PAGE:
Fibromyalgia Treatment

Learning Alternative Therapies for Fibromyalgia: Trigger Point Therapy

Trigger Point for fibromyalgia

There are many different types of alternative treatments for fibromyalgia, but their ability to help relieve widespread pain can be limiting.

Many of these therapies only target specific areas of the body, such as muscle pain in shoulders, thighs, back of the head, the neck or chest.

Tight, painful muscles usually have myofascial trigger points that cause knotted muscles, along with pain, and spread pain to other areas of the body.

What are Trigger Points?

Trigger points are areas on the body that are extremely sensitive and when they are touched, they can cause pain that spreads, restrict movements and they can increase stiffness in muscles.

These knotted areas are usually caused by exertion, stress, poor posture or illnesses like fibromyalgia. If they are not treated, trigger points can spread and form satellite trigger points, spreading pain throughout the body.

There are two types of trigger points, active trigger points and latent trigger points.  Active trigger points cause pain when they are touched and latent trigger points also cause pain when they are touched, but they can cause pain in other areas of the body.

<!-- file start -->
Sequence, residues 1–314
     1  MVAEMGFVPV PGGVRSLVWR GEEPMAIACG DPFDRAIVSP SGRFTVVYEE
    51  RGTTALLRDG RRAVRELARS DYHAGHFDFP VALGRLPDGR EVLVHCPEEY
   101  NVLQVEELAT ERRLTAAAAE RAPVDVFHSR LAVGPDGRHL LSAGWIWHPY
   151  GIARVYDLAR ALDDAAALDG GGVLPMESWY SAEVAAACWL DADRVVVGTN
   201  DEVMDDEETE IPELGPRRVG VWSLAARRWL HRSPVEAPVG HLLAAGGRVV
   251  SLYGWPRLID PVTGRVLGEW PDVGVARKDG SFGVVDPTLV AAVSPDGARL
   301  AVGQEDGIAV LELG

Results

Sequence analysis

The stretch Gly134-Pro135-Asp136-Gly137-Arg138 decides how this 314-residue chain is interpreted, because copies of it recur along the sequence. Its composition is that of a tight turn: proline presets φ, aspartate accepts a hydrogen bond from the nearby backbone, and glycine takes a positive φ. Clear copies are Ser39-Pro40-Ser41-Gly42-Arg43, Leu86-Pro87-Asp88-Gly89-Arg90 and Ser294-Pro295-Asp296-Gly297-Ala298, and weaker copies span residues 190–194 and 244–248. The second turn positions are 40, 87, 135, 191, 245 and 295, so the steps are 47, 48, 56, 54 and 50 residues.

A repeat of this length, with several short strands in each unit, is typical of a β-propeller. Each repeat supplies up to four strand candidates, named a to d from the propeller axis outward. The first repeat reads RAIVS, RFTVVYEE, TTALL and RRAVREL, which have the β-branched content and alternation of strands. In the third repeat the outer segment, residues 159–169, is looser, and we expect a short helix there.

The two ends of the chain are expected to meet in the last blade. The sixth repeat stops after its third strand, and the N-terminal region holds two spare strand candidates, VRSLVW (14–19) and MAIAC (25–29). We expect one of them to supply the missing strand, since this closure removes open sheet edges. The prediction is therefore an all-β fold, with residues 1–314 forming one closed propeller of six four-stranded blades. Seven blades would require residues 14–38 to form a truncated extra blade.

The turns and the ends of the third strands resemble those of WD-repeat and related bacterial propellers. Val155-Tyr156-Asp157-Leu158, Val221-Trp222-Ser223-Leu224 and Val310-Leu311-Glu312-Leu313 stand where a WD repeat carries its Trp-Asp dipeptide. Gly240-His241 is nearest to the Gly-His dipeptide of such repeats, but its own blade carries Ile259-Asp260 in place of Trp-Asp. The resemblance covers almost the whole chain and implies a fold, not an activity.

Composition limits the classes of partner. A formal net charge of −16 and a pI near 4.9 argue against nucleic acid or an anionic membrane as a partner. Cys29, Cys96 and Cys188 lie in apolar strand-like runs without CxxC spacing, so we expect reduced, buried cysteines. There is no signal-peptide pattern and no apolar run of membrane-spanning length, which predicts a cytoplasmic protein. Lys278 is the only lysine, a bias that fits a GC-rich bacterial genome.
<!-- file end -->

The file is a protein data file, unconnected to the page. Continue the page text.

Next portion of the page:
What is Trigger Point Therapy?

This therapy, which is also called myotherapy, is often thought of as a form of massage therapy as it usually uses touch to eliminate trigger points.

It may be practiced by massage therapists, chiropractors, osteopathic doctors or some medical doctors to relieve pain and help provide better muscle flexibility.

During a therapy session, the practitioner may use fingers, elbows or knuckles to exert pressure on a trigger point.

The pressure is applied for 10 seconds and released. The pressure is then reapplied in a pumping motion for another 30 seconds. This helps to elongate muscles and stretch them to help make the muscles more flexible.

Trigger point therapy works by increasing blood flow to the areas where the trigger points are located. Better blood flow allows oxygen and essential nutrients to heal the muscles at the trigger point site.

It also works to release endorphins, which is a hormone that helps to naturally reduce pain. However, touch isn’t the only form of trigger point therapy.

Forms of Trigger Point Therapy

There are both hands-on forms of trigger point therapy and those that use medications and other forms of therapy to help reduce pain at trigger points.

Aside from massage, which is what is described above, there is neuro-muscular adjustment and acupuncture.

A neuro-muscular adjustment involves a gentle manipulation of the spine and the small muscles that run along the joints of the spine to help offer relief for lower back pain and headaches.

It is believed those small muscles could be involved in the development of some trigger points.

Using acupuncture for fibromyalgia has had mixed results, but this form of trigger point therapy can help reduce both pain and fatigue.

Research has shown that using acupuncture with a cupping technique has been most successful type of acupuncture for fibromyalgia patients.

Using Medications to Help with Trigger Points